At Donovan on a recent morning, Morales supervised 186 inmates spread over one large room. In previous years, at least two guards would stand watch over the minimum-security housing unit.
A few prisoners played cards in their undershirts. Others watched “The Price is Right” on a tiny TV.
Morales, a 20-year veteran of the prison business, said inmates today display a more in-your-face attitude toward staff.
They also have a wily streak. “These guys have vivid imaginations,” he said. “They can do anything with anything.”
Morales recently found a stash of prison-made alcohol, known as “pruno,” in his unit. The concoction – made from fermented fruit, sugar and other ingredients – smelled like vomit and looked like wine cooler.
Inmates like to hide the rotgut in a plastic bag behind the shower-room plumbing.
At another prison, the California Rehabilitation Center in Norco, three guards recently stood watch over 200 inmates housed in the prison's former gym. Many prisons operate at more than twice their original capacity, forcing officials to crowd convicts into gyms and other spaces.
The Norco inmates wore orange jumpsuits and stood around metal bunk beds lining the scruffy tile floor.
It had been a tough 24 hours inside the minimum-security unit. A water main broke, forcing the staff to bring in Porta Potties. The roof leaked from a rainstorm. During the downpour, some lights were switched off because the staff worried that the rainwater would cause an electrical short.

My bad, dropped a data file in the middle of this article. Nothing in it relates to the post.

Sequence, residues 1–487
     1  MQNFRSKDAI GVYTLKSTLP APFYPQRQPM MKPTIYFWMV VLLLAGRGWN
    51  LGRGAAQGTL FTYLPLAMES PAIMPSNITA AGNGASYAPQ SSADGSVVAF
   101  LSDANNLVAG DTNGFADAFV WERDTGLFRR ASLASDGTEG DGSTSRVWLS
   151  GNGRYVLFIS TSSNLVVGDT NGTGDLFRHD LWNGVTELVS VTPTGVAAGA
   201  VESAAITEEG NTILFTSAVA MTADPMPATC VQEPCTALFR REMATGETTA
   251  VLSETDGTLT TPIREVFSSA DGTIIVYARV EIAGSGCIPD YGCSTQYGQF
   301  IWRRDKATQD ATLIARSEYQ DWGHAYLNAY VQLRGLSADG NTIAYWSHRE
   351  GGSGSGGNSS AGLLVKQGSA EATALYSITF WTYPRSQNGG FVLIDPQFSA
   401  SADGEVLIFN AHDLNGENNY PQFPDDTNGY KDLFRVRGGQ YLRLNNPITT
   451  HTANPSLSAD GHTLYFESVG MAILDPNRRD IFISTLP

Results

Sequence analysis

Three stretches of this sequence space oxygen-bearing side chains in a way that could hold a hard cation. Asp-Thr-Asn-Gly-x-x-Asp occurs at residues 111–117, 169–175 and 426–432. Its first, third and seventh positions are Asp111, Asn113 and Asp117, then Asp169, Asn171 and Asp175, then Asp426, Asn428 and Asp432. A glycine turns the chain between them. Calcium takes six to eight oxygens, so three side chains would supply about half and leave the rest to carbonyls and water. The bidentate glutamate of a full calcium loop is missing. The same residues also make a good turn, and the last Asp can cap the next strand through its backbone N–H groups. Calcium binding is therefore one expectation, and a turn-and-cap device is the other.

Said one longtime guard: “If you want a feel for some of the problems the prison system is facing, just look around the room.”
Frustration among some guards runs deep – over the shortage of money for prison repairs, over the political back-and-forth in Sacramento about prison reform.
“We complain, complain and complain about problems and all we get is lip service,” said a longtime guard at California Men's Colony, who would only speak on the condition of anonymity because he fears retribution from his bosses. “Morale right now is extremely low.”
Near noon on a recent weekday, a radio call went out across Donovan: “Attention all officers. We have 14 full, 8-hour positions available for overtime.”
Lt. Gregory Sloan, who heads Donovan's personnel assignment office, says as many as 60 guards work additional shifts each day – and only about half do it voluntarily.
“It's become a huge challenge for the staff,” Sloan said.
Many put in 16 hours of overtime a week, on top of their regular, 40-hour schedule. As a result, they are seeing the biggest paychecks of their lives.
A recent San Diego Union-Tribune analysis found that about one out of 10 state guards earned more than $100,000 last year. A correctional officer in Northern California led the pack, grossing $187,000. The average base salary for a guard last year was $57,000, the analysis showed.
It's not unusual for guards to work back-to-back shifts, supervising convicts for 16 consecutive hours.
They end their workdays bleary-eyed, or heavily caffeinated.
“I'm tired right now. My eyes are burning,” said Donovan guard Christie Ferguson, near the close of a recent 64-hour workweek. “My partner kind of carried the load today.”
Another downside, she said: “I don't get to see my family.”
To prepare for the long days, many guards pack two big lunches.
At Donovan, correctional officer Frank Corona brought in linguine with shrimp, and apples, oranges and cheese on a recent weekday. “It's getting to the point where you never know if you are going to make it home anymore,” he said.